COAST GUARD

Petty Officer Jon Emerson helps three survivors out of a helicopter at U.S. Coast Guard Air Station Kodiak. Earlier today, the men were rescued from a life raft 57 miles off the coast of Kodiak, Alaska, after their fishing vessel sank.

Op-ed: The true cost of being a military spouse
Photo: USCG

Rough week? Here’s a dose of “Aloha” from Base Honolulu to get you through the rest of it!

Op-ed: The true cost of being a military spouse
Photo: USCG

NOW: Legendary Gen. James Mattis has an inspiring message for all Post-9/11 veterans

OR: Watch JR Martinez and Noah Galloway talk ‘Dancing with the Stars’:

Mighty Moments

Paws of War reunites soldier with stray dog from rotation in Europe

US Army Sgt. Charity Webb was reunited with a puppy named Pup Pup that she had bonded with while stationed as a cook in Eastern Europe last fall, which was first reported by the New York Post. The almost impossible task was made possible by a nonprofit organization out of New York called Paws of War, and this isn’t the first time the group has accomplished such a mission. 

Robert Misseri, the founder of Paws of War, said the operation cost approximately $7,000 total, from finding Pup Pup, completing vaccines and any needed treatment through a local veterinarian, temporary foster care, travel costs, and many other factors. 

“When we arrive, the soldier can play a little role in locating their dog. We have to learn where that dog is [from the soldier]. We have to find that dog,” Misseri said, “and we have to get that dog safely to a veterinarian and then start the process to get that dog to America.”

Read Next: Fred the Afghan: How a Stray Dog Changed a Marine’s Life

Op-ed: The true cost of being a military spouse
Pup Pup was out of a litter born in the area where Sgt. Charity Webb was stationed, somewhere in Eastern Europe. Photo courtesy of Paws of War.

Locating a dog that a soldier bonded with overseas is no easy task, especially with COVID-19 restrictions severely complicating transport, but Misseri said it’s all worth it.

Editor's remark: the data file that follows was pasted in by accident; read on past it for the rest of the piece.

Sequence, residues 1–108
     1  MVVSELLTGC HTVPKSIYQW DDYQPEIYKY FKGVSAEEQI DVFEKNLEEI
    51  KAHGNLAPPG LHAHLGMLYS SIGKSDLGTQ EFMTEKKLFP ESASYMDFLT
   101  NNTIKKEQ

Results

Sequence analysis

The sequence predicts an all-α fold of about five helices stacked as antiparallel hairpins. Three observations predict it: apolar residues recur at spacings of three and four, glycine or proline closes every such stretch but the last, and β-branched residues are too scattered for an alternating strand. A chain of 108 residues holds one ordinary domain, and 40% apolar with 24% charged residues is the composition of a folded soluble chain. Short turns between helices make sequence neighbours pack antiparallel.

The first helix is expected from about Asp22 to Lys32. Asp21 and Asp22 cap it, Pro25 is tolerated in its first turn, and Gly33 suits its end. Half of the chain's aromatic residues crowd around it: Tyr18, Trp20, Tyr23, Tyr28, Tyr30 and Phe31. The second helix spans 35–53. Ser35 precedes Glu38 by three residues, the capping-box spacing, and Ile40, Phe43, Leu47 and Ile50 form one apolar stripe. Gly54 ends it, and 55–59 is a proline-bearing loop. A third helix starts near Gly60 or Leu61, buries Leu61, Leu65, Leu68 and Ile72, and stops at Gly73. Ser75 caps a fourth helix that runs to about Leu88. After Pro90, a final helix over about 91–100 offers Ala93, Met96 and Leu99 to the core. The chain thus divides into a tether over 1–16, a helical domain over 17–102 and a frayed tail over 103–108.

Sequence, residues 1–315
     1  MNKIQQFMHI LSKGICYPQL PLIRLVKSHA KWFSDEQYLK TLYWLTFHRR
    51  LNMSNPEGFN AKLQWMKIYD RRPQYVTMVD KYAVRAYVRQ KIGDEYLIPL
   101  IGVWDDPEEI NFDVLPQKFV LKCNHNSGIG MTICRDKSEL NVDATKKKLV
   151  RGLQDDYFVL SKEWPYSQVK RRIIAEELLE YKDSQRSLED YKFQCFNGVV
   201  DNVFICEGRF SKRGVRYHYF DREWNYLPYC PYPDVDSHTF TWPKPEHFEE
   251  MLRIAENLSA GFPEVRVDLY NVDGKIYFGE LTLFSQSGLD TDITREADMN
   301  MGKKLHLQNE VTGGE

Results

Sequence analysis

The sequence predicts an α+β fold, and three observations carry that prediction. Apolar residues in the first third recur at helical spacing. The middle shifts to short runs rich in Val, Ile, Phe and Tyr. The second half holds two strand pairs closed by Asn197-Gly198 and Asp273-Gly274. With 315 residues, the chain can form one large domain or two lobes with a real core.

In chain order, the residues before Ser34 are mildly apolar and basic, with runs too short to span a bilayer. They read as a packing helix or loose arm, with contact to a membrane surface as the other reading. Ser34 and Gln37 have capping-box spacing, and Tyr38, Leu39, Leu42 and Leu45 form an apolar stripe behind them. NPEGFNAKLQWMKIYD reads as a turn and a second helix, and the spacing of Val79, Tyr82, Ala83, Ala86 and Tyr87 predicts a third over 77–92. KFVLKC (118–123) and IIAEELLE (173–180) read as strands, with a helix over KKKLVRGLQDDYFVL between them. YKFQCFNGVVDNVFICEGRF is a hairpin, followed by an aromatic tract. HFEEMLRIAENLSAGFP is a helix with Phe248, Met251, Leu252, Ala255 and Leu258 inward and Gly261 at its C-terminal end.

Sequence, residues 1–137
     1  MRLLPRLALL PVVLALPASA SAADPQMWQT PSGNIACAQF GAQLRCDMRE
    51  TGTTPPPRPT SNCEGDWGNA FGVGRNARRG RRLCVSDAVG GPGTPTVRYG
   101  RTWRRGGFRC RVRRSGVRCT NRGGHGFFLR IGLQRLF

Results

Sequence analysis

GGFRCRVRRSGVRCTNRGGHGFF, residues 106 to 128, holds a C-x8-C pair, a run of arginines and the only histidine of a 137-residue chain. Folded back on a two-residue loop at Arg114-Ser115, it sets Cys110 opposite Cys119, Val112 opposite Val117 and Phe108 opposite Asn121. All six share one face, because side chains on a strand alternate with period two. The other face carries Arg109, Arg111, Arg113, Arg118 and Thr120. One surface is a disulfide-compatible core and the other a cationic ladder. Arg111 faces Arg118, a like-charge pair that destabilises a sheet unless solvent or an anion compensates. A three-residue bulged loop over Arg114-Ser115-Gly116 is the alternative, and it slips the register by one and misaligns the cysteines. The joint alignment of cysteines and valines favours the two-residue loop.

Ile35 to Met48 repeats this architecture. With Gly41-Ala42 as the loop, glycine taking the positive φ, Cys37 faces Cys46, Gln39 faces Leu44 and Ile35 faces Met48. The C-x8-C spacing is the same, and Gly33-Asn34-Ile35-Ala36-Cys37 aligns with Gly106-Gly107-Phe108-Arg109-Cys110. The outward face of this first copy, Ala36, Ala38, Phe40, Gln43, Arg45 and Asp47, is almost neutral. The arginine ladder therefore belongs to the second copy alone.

“The soldier will feel like a failure, thinking that ‘deployment is up’ and that this dog will think that this person abandoned it,” said Misseri. “And the soldier will always wonder whatever happened to that dog — it’s not like that dog’s going to go into a good home or someone’s going to take over caring for it. It’s going to go back to struggling. So it is so important for both soldier and dog to get back here and reunite.”

Misseri explained that reuniting a dog with a soldier can significantly help a soldier’s mental health when they get home. He said he’d been in touch with soldiers in the past who had to leave their dogs behind overseas, and “it was just something that they could not get out of their head.” The grief from leaving their dogs worsened some soldiers’ post-traumatic stress symptoms, he said, adding that some soldiers experienced nightmares about it. 

Op-ed: The true cost of being a military spouse

Webb told the Post that while deployed, she was missing her other dog back home and her family. Pup Pup helped her through all of that. 

“You miss your family, you’re missing Christmas, Thanksgiving, all of that, so it was good to have her occupy my time and my mind and not think about my time away and stuff, so she really did help with that,” Webb told the Post.

Misseri said they have located dogs in areas where locals and/or authorities will shoot them, or capture them and then put them down, or just outright mistreat them in abusive ways. 

Op-ed: The true cost of being a military spouse

“For the puppies, they just kill them off because there’s so many strays,” Webb told the Post. “So we didn’t want them to get the puppies because we knew they’d kill them — there was no doubt about it.”

According to the Post, a fellow soldier told Webb about Paws of War, and she reached out for help. A financing issue was preventing them from getting Pup Pup back, but after the Post published the initial story, Misseri said they accomplished their goal of getting Pup Pup back in Webb’s hands on Feb. 24. The dog and the sergeant reunited at Fort Campbell, Kentucky, where Webb is stationed. Enough donations came in that there was enough to get a second dog to another soldier.

Misseri said Paws of War has reunited more than 100 soldiers with dogs that they had to leave behind when returning to the states.

This article originally appeared on Coffee or Die. Follow @CoffeeOrDieMag on Twitter.

Mighty Moments

“The Rock”: The last stage for the two female Navy SEAL candidates